Barnier’s statement on Wednesday will do little to oil the wheels of the trade negotiations between the UK and the EU, which have been at an impasse for several weeks.
These level playing field demands refer to competition rules that will be established so that business can be conducted on equal terms – or something close to it – between the UK and the EU.
But they’ve been a key sticking point, with both parties failing to agree on an outcome that would suit them both.
However, Barnier did say that he was willing to work on “clever compromises” in order to get trade deal through the door, the Telegraph has claimed.
Barnier has signalled such compromises before, but it hasn’t been clear what sort of compromises the negotiator would be willing to accept.
In last week’s high-level meeting between Prime Minister Boris Johnson and Ursula von der Leyen – President of the European Commission – it was agreed that “new momentum” was needed in order to get the talks moving again.
Michel Barnier said competition rules are ‘not for sale’ but is willing to compromise in some way.
Negotiators had already agreed that there would be a new, more intense negotiation timetable for July.
Both parties are seeking to draw up an agreement before the end of the year, after Johnson made it clear that the UK would not accept any extension to the Brexit transition period.
It remains to be seen whether the more intense meetings will bear fruit.
Following the high-level meeting with between EU officials and the Prime Minister last week, President of the European Parliament David Sassoli, who was present at the meetings, said Johnson appeared unwilling to budge on the UK’s demands.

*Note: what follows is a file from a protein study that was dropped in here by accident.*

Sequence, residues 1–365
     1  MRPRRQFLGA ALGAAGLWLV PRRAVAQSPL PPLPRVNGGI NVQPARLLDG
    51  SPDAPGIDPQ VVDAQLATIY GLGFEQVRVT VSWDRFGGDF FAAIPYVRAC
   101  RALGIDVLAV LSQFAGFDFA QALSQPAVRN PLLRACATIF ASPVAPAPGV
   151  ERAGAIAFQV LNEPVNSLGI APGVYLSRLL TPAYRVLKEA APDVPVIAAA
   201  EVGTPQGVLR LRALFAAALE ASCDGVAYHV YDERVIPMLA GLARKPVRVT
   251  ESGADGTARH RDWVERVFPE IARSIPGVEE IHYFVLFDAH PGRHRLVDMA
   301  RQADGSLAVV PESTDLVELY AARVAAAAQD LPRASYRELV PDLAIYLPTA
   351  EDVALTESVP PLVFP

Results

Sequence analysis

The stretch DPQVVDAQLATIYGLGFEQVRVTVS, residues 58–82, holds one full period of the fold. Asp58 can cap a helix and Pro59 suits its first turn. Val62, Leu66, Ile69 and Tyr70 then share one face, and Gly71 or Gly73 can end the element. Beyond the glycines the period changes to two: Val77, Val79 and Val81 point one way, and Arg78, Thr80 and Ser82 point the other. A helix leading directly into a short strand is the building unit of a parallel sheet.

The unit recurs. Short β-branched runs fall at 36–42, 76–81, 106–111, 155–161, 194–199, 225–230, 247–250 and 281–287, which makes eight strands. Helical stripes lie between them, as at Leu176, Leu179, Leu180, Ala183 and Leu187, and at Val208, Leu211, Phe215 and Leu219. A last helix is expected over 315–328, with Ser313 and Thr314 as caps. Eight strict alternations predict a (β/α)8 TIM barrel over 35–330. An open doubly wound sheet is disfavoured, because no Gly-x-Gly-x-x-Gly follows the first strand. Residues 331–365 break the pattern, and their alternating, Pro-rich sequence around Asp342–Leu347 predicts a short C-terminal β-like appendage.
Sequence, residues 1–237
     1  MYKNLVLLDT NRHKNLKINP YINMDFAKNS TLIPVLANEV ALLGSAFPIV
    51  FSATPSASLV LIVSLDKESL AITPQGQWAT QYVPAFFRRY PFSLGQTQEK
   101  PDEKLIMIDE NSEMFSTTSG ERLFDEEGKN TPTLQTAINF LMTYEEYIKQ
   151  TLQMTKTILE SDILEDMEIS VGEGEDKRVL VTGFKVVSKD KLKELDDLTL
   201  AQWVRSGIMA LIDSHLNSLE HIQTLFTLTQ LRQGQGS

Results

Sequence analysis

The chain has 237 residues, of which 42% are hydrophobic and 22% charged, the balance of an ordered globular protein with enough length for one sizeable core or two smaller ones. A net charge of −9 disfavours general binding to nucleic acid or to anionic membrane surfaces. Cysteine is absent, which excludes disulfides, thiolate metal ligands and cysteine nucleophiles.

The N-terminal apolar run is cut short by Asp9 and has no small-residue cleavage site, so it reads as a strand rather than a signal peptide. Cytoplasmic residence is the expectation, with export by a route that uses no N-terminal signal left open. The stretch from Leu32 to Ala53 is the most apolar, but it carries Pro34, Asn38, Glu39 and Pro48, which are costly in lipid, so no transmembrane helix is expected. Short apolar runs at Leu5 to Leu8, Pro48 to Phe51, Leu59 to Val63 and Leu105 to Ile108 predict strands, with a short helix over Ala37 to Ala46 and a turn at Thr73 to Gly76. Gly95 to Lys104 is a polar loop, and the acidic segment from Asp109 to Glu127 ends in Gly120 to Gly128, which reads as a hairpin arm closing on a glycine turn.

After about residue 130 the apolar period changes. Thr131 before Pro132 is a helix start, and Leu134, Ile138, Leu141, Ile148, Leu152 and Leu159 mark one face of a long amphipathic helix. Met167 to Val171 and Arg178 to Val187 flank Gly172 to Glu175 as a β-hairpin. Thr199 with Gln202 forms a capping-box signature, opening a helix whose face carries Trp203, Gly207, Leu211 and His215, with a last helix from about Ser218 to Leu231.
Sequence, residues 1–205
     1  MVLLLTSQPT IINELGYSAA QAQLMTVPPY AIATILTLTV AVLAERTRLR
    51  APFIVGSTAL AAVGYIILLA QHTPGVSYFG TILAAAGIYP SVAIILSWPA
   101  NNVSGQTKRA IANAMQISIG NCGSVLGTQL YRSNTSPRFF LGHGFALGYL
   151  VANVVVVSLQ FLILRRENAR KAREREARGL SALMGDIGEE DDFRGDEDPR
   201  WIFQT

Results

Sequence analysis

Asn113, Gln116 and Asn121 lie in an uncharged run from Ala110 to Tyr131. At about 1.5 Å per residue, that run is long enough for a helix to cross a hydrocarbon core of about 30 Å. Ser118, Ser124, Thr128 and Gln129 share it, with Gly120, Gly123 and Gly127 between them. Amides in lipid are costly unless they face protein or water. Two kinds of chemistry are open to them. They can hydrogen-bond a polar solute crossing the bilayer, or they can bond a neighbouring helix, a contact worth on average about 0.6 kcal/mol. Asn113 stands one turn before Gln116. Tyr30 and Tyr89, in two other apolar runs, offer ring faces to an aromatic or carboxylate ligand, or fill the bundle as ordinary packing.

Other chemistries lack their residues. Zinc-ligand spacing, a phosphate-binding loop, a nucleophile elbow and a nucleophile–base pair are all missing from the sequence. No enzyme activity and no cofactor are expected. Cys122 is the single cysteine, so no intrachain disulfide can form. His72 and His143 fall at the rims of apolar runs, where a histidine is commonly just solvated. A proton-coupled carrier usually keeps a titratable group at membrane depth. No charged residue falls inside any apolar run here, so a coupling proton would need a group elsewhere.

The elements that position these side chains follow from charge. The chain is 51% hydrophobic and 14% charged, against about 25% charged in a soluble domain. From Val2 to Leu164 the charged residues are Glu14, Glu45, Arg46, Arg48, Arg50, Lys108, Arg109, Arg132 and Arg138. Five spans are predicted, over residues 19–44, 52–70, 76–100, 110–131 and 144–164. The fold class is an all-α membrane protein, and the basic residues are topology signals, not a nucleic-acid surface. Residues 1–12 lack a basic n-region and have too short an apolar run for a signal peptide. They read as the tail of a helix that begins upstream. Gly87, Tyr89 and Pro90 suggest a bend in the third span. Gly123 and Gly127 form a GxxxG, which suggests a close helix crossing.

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Boris Johnson has appeared unenthusiastic in talks, according to EU officials.
In an interview with the Guardian, Sassoli claimed that there was not “a great deal of enthusiasm from the British authorities” to come to an agreement on the thorny issues that have put the brakes on trade talks.
Sassoli added that the agreement would clearly have to been seen by both parties as not benefiting one over the other, and in this he said “we are frankly a little bit worried”.
Earlier this week the Guardian also revealed that a new trade talk obstacle had arisen after the two sides clashed over 70 billion Euros’ worth of subsidies granted to European farmers by Brussels.
The UK side claimed that Barnier was blocking the British government from defending UK farmers against lower-priced imports from the EU, the Guardian said, based on a clause in the EU’s proposed free trade deal that barred “anti-subsidy proceedings” against the payments.
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A clash over farmer subsidies is the latest obstacle to talks, according to the Guardian.
These farmer subsidies are referred to as “green box payments” and essentially amount to income support for farmers regardless of production levels or pricing. The UK has them too.
Meanwhile the European Commission has stressed the importance of GDPR, the EU’s widely-known data protection rules, as part of any future relationship between it and the UK.
EU officials said that data protection rules would be an “essential prerequisite” for security between the two.
EU justice commissioner Didier Reynders said: “When it comes to data transfer with a member that is leaving, the UK, we want to make sure that in any Brexit agreement there is the proper application of the rules of the GDPR both on the European continent and in the UK.”
Didier Reynders has said that there must be a GDPR agreement in place.
Reportedly, the Commission is currently investigating whether the UK’s data protection standards are up to EU standards.
Boris Johnson said in February that the UK would develop its own policies regarding data protection that would be up to high standards.
This might end up affecting whether or not the UK is given access to the EU’s crime database.